The Self-Advocate/Parent Dialogues: Intermission

We are going to continue the Dialogues, at least through next week. (The entire series can be found at We’ve heard from readers that they’d like to see Dialogues posts from perspectives including self-advocates parenting children with disabilities, late-diagnosed self-advocates, and parents of children with autism. And, as commenter, advocate, and parent Cheri wrote in regards to the Day Five post from Robert Rummel-Hudson:

“I imagine that engaging in this dialogue may have been uncomfortable,
and I commend every one of you for agreeing to do it. This final post
leaves me wanting — hoping — for more. I don’t know about anyone else,
but I’m not sensing any closure here.”

We don’t have closure. We need to continue the conversation. How? Self-advocate Rachel Cohen-Rottenberg also commented on the Day Five post, with insights as to how she has synthesized and recommends approaching the Dialogues overall (she is not addressing a specific post or commentary):

“One of the things might help further dialogue is for all sides to remember that we are all exhausted, hurt, angered, frustrated, and stressed by the requirements of advocacy. Being stressed makes it very difficult to listen, but it makes it all the more necessary, too.

“Nondisabled parents, I think, need to be more mindful that what they do for their children is what we adult autistics have to do every single day of our lives: stand up, get dismissed, stand up, run headlong into ignorance, stand up, explain the situation in minute detail, get ignored, stand up, get a few crumbs, stand up, get the support of those who have been there, stand up, get dismissed, over and over and over. Parents who have been through this know that it’s hell; what they sometimes forget is that, our ability to articulate our thoughts notwithstanding, it’s hell for us, too. I may have a talent for words, but it did me no good when I advocated for critical educational accommodations with all the eloquence at my disposal, only to be told that if I somehow became less disabled, I should let them know. And all the blog posts in the world do me no good at all when I attempt to find services that simply do not exist.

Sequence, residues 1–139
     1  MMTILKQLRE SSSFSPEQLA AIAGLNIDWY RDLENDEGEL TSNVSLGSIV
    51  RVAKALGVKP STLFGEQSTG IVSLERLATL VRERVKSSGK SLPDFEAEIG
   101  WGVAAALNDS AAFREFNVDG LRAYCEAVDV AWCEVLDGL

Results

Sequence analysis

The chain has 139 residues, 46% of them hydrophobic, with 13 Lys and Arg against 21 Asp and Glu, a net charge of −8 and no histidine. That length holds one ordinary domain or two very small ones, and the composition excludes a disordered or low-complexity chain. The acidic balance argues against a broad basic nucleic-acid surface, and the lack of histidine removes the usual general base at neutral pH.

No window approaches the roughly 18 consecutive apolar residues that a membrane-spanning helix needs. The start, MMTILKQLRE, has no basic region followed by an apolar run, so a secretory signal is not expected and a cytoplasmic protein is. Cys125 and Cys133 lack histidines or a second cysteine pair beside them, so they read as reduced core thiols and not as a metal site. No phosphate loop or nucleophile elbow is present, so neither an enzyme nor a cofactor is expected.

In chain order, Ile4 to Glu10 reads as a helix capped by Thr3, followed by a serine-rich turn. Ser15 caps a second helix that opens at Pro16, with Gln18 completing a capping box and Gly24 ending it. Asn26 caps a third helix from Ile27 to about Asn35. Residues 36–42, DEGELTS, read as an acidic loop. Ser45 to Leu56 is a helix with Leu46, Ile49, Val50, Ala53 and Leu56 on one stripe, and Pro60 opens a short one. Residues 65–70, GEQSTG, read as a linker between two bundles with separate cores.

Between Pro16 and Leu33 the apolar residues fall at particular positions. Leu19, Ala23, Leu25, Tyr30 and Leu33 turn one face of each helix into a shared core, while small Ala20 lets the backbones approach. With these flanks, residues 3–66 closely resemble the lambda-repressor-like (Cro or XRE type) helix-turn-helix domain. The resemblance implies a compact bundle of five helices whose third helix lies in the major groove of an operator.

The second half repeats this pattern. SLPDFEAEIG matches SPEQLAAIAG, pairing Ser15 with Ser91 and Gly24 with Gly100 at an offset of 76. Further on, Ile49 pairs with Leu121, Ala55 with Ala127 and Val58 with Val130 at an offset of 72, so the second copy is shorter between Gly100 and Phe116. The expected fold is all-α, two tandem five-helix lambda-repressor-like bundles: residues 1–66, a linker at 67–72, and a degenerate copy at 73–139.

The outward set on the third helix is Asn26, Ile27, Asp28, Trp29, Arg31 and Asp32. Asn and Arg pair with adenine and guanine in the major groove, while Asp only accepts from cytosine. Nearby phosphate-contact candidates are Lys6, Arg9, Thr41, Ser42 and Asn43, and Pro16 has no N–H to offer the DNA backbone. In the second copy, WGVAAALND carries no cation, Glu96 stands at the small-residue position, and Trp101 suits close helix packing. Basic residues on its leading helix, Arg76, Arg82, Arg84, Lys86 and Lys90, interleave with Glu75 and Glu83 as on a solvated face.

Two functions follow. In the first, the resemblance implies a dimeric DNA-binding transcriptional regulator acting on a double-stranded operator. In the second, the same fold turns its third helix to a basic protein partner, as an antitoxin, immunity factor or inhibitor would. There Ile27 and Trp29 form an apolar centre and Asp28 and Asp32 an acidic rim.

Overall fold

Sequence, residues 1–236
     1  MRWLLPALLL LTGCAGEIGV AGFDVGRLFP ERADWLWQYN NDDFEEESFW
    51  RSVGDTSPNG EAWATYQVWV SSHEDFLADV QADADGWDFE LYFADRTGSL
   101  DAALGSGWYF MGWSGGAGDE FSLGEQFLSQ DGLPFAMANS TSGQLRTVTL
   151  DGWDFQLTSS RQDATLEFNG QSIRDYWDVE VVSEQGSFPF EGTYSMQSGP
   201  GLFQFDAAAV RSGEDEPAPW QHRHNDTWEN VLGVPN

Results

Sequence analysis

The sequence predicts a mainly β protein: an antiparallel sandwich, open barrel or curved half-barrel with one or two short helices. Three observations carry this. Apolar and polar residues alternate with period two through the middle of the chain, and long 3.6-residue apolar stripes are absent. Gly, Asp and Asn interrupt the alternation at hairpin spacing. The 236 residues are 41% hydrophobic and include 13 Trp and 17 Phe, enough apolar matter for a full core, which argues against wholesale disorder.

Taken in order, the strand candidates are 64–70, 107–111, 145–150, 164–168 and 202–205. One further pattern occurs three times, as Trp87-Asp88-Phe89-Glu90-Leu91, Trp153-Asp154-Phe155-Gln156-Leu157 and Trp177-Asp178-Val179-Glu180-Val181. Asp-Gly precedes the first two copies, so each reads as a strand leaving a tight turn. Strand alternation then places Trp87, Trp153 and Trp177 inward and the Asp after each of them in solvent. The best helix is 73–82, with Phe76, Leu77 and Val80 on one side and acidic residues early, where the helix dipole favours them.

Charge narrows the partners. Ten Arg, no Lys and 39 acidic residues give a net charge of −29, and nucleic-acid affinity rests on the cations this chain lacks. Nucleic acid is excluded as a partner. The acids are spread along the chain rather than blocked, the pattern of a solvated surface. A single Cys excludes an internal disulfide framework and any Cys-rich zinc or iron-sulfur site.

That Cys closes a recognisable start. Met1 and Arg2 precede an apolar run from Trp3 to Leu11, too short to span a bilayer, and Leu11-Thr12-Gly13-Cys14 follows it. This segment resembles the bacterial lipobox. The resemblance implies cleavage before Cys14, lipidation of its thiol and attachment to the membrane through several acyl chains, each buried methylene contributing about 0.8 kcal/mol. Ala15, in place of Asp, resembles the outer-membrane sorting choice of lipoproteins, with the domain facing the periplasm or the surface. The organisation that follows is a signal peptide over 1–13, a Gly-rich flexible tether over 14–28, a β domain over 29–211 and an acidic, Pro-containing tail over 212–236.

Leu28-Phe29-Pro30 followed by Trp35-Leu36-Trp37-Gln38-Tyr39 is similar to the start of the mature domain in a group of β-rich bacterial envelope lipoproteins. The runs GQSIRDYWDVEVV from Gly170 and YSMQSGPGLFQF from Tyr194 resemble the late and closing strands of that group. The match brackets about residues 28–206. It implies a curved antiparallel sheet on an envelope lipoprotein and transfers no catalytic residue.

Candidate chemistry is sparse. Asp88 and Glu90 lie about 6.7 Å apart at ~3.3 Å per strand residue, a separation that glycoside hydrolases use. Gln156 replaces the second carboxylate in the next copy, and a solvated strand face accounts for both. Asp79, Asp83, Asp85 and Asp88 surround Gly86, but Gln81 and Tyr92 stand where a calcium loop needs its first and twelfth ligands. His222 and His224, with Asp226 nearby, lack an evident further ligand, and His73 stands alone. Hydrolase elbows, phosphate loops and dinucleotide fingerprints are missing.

“By the same token, I think that sometimes, we adult autistics who have had horrendous experiences at the hands of our parents and at the hands of the larger world, forget that while parents have the privilege of being nondisabled, they get chewed up by the educational system, by the legal system, and by the medical system on a daily basis, and find that they have nothing like the privilege given to parents of nondisabled children. Parents of disabled kids have to fight for things that other parents take completely for granted. They are marginalized within their own communities, and they live with a tremendous amount of fear.

“It’s not their fault that they have privilege that we do not. It’s not their fault that they didn’t realize they had that privilege. It’s not their fault that they’re getting up to speed on how to handle that privilege and not unintentionally abuse it. And it’s not their fault that they feel lost about how to fight the very fact of privilege at all. They are new to this, just as we were once new to this. They are learning, just as we are learning.

“Do I wish we’d all gotten there yesterday? Yes, of course. There is a lot of suffering going on, and it’s hard to work this process in the face of that. But we have to work it. The larger society has left us the crumbs after the feast, and it only helps those who couldn’t care less about us to keep fighting with one another over the crumbs. We need to get together and loudly proclaim that we have the right to be at the table and to eat to our heart’s content.”

Some articles and posts I’d recommend reading before the next Dialogue entry:

Continuing the Dialogues is important, no matter how hard it gets or what fractures appear. As TPGA editor, self-advocate, and autism parent Carol Greenburg says:

“The thing about conflict resolution is that it requires conflict, which
is messy, no matter how sensitively it’s handled. Just because it’s
inevitable doesn’t mean it’s not annoying. In fact, in my experience,
speaking as an individual unable to fully represent any community of any
kind, the more annoying the task, the more important it is.” 

has been, and will continue to be, an imperfect process. It will
continue to be hard work. It will also require a lot of tolerance for
the mess and the imperfection, and eyes on the larger prizes of dialogue and constructive conversations. -SR